Monthly Archives: July 2019

At the Fence # 5, Love of my Brother. 1991.

This weaving was the last of a series of “At the Fence” weavings. Originally from NJ, I live in the Midwest and shortly after moving to Nebraska in 1986 I learned that I was living in what some have termed “the nuclear heartland.”  The first four weavings from this series examined the human toll of the use of nuclear weapons during WWII and the devastating impact the two bombs, Fat Man and Little Boy, had on the residents of Hiroshima and Nagasaki. Heroic individuals dedicated their lives during the cold war (and beyond) to protest our government’s continued development and stockpiling of nuclear weapons.

At the Fence # 5, Love of my Brother. 1991. 75″ x 60″.
Multi-shaft weaving with twill inlay weft on satin weave. Warp screen printed and dyed. Cotton, wool, rayon, linen dyed with fiber reactive dye. Mounted on wood with encaustic.

In October 1987 I spent the night as part of a missile vigil in the Kadoka, South Dakota area, sleeping alongside an MX missile with my two female companions and an armored personnel carrier. The organizers of the vigil alerted the Air Force we would be camping out at selected missile sites in the area.

The image of the fence was my way to pay tribute to the people who sacrificed their freedom to protest and practice civil disobedience at the fences of various facilities in the USA and abroad. This last weaving in the series brought the imagery to the current time in the early 1990’s, with faces of people engaged in human rights struggles, or perpetuating those struggles in the name of the armed forces, around the world—for example in South Africa, Honduras, and Panama.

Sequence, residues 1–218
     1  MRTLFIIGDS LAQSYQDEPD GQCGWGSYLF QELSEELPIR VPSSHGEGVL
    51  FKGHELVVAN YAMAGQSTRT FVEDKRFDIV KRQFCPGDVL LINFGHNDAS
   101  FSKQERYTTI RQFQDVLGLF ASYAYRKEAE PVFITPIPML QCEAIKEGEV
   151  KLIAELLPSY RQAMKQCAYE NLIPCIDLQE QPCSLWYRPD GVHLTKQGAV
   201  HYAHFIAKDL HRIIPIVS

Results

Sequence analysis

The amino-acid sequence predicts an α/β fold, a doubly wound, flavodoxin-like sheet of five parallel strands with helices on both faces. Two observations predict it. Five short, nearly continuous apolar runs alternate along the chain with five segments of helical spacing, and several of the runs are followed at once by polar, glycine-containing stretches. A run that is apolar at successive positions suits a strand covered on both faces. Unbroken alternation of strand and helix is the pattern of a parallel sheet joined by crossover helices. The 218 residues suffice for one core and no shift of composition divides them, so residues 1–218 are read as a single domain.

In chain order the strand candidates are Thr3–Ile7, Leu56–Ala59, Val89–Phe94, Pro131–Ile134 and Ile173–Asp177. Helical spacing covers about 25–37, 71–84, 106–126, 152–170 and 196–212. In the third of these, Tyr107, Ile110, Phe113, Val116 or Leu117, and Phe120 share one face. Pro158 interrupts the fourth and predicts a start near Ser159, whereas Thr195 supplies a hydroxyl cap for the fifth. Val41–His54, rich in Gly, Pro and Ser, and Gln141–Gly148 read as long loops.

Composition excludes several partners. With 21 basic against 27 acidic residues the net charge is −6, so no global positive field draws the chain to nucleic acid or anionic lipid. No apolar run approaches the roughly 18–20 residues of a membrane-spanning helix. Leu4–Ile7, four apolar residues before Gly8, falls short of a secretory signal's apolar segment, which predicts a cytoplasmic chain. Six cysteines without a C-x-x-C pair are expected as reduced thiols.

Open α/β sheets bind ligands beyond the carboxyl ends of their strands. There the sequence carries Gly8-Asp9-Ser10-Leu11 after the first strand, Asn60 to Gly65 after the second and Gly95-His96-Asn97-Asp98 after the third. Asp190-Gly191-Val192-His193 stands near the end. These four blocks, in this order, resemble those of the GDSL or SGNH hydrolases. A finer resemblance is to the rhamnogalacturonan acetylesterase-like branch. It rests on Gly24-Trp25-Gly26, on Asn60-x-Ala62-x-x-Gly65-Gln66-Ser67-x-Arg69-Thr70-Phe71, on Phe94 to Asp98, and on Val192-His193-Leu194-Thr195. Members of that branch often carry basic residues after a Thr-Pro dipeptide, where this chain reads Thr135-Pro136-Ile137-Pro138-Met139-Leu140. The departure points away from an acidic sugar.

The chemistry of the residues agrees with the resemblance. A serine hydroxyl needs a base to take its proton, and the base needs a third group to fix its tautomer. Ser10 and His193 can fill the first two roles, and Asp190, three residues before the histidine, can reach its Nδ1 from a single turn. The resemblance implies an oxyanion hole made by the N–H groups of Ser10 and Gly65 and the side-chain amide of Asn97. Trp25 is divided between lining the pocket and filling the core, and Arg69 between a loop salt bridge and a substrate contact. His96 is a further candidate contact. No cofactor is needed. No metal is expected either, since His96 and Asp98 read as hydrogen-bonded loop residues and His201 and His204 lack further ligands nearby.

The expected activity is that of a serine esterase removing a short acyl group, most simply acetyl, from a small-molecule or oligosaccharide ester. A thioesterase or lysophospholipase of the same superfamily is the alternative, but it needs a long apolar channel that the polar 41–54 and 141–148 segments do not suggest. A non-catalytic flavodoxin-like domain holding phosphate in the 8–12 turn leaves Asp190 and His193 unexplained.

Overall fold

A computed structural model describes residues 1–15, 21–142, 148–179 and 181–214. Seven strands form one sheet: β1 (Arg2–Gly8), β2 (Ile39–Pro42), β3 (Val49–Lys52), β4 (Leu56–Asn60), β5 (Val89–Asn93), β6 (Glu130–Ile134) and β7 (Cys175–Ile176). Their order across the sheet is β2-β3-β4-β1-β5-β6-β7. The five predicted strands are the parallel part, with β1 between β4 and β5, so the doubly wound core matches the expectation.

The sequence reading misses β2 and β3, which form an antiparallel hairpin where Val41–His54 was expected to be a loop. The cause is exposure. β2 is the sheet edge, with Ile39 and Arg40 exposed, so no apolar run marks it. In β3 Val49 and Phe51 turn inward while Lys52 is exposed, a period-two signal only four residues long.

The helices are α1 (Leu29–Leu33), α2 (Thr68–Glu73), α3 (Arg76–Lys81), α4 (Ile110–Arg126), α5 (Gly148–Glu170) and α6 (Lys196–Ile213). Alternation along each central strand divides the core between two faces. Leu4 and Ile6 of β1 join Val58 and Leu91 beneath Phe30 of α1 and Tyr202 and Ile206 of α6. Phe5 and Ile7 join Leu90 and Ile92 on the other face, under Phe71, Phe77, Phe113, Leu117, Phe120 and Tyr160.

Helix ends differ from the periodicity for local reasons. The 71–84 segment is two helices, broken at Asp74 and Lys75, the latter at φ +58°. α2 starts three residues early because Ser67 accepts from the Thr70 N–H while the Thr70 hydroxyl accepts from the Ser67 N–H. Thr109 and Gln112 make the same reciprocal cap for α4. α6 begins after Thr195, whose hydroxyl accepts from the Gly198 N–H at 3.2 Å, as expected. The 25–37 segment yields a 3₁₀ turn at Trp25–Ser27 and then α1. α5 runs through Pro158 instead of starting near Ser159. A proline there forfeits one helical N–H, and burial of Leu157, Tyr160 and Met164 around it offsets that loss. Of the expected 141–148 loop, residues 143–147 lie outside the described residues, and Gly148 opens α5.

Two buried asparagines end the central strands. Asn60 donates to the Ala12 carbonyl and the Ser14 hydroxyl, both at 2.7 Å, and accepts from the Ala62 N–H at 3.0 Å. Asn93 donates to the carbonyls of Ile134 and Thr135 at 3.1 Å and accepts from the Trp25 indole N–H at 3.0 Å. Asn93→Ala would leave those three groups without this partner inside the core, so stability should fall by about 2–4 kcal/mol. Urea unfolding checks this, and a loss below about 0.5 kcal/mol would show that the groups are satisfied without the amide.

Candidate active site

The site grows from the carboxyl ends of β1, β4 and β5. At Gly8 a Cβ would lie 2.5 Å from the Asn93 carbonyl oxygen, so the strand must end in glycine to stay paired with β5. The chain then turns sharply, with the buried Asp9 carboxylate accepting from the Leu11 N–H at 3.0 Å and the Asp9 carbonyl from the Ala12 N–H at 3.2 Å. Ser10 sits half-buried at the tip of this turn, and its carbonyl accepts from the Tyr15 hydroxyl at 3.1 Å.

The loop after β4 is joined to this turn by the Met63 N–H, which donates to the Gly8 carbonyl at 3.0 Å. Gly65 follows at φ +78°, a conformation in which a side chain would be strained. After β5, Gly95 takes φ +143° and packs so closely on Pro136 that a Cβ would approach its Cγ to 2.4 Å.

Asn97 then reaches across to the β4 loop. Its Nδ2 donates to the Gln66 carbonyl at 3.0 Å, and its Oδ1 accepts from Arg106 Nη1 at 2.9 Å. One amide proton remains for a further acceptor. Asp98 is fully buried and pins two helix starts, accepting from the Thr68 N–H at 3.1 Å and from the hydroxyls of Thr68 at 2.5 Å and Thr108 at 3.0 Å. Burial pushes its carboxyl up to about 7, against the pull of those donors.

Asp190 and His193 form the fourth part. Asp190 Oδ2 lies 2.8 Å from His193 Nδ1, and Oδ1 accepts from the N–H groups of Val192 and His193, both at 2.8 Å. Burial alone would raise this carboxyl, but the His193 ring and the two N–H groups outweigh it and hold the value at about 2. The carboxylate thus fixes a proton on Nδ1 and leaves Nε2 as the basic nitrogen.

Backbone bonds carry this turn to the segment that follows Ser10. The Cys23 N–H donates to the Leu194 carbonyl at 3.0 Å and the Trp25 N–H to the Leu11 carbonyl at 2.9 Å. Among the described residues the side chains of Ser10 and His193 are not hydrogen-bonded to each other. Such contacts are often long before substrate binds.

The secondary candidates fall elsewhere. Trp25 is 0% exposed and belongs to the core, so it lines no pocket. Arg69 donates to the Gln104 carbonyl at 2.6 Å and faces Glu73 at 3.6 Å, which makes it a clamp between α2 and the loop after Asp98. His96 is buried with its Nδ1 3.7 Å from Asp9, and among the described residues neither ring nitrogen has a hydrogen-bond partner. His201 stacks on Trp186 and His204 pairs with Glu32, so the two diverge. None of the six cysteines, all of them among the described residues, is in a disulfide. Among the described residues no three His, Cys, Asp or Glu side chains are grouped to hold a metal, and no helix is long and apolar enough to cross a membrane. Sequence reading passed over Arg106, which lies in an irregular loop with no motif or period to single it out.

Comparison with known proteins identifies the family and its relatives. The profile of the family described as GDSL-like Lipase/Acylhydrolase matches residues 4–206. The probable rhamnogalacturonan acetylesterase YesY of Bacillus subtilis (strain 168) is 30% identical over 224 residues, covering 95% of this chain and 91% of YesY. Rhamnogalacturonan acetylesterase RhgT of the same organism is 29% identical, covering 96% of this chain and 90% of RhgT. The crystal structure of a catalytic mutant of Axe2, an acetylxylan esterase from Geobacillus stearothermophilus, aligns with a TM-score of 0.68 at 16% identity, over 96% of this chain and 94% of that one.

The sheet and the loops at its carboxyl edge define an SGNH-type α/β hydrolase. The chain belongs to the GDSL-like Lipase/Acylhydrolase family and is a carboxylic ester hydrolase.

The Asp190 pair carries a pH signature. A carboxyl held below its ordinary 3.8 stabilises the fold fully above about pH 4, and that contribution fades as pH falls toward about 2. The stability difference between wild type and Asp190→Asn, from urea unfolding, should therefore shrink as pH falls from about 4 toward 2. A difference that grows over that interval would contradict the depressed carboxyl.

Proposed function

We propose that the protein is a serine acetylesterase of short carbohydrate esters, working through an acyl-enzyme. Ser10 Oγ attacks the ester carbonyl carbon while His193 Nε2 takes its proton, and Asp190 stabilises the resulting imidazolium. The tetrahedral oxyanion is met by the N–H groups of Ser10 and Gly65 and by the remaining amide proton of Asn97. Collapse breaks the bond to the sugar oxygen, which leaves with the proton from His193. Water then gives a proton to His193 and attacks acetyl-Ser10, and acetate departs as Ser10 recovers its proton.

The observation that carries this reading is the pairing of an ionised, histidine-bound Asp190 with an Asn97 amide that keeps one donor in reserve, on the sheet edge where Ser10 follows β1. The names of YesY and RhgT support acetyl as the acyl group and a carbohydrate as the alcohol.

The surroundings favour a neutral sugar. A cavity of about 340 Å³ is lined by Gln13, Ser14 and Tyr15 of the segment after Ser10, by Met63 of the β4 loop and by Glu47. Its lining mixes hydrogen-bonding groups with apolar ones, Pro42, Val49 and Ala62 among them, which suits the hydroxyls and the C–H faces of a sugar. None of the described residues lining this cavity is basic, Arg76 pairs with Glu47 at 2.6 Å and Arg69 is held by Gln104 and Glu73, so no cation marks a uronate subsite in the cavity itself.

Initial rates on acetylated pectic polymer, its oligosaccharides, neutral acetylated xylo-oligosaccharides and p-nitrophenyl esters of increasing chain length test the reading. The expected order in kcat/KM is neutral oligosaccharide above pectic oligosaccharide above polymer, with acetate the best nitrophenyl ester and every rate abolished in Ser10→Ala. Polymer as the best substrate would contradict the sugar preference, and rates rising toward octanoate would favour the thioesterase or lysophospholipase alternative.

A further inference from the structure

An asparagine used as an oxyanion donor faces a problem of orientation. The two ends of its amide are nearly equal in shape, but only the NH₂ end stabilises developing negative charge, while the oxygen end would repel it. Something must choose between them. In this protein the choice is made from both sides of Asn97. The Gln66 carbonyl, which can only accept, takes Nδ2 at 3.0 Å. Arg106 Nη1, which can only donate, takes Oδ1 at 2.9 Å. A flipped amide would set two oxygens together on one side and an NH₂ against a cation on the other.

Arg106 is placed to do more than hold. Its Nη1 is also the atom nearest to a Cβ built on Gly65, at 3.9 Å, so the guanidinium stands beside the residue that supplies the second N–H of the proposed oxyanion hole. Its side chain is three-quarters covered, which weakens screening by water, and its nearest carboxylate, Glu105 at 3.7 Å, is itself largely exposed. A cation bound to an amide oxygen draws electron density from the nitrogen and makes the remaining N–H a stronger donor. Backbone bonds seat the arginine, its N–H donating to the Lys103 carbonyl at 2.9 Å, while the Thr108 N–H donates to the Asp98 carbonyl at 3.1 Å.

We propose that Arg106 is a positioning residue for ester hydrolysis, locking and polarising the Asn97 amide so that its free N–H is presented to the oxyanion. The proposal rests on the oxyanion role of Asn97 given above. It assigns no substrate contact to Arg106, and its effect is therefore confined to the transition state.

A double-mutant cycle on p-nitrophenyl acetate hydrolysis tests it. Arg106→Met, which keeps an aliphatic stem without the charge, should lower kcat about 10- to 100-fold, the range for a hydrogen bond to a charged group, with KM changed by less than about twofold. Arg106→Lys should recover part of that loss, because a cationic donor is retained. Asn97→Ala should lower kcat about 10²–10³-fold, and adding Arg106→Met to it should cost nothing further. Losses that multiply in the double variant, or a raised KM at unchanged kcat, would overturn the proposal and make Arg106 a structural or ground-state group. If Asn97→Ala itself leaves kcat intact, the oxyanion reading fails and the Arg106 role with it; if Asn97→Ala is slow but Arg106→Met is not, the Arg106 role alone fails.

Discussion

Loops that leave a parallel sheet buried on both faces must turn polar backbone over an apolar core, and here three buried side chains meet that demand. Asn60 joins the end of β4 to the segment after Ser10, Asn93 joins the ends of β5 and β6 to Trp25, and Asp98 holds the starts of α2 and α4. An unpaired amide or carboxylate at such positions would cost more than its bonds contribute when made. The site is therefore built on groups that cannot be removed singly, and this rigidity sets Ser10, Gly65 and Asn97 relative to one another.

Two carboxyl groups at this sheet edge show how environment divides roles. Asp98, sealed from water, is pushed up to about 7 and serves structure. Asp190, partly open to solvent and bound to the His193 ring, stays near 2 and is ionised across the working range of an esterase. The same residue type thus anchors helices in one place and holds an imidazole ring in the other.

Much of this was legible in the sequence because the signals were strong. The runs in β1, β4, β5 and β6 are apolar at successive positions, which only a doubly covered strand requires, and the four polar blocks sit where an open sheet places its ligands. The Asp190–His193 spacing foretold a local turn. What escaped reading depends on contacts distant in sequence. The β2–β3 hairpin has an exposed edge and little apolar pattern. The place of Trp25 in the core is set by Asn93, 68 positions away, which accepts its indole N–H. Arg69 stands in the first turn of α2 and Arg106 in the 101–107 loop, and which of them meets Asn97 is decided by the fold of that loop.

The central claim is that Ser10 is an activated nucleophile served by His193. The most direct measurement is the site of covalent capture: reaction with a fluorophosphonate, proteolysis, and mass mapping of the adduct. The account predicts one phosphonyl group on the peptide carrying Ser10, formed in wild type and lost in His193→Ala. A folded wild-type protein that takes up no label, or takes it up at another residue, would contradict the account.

This weaving is included in Fiber Arts IX. Sebastopol Center for the Arts. Aug. 2- Sept. 8, 2019.

Soul Full

This weaving was included in Further Evidence | The Art of Natural Dyes  at Penland School of Crafts, in Penland, NC, May 28–July 14, 2019 and will be auctioned at the Penland Benefit Auction, Aug. 9-10, 2019. I began a series of four letter word weavings in 2017. I hope once the viewer sees the words Soul Full, hidden in the checkerboard, a shift in attitude is possible. As with any dyed fabric, this weaving should be kept out of direct sunlight when choosing a place to hang it. Absentee bidding is available at the Penland website link above.

Cotton; warp: resist ikat dyed with madder root, weft: dyed with weld, 22 1/2 x 34 inches

Further Evidence | The Art of Natural Dyes featured the work of sixteen international artists working with natural dyes. Co-curated by textile artist and dyer Catharine Ellis, who, along with Danish textile engineer and chemist Joy Boutrup, recently published a long awaited book on the subject and will be co-teaching at Penland School in 2019. The resurgence of the use of natural dyes in both studio practice and commercial dyeing was recognized in the exhibition, including works on paper with ink and pigment, and woven and printed textiles.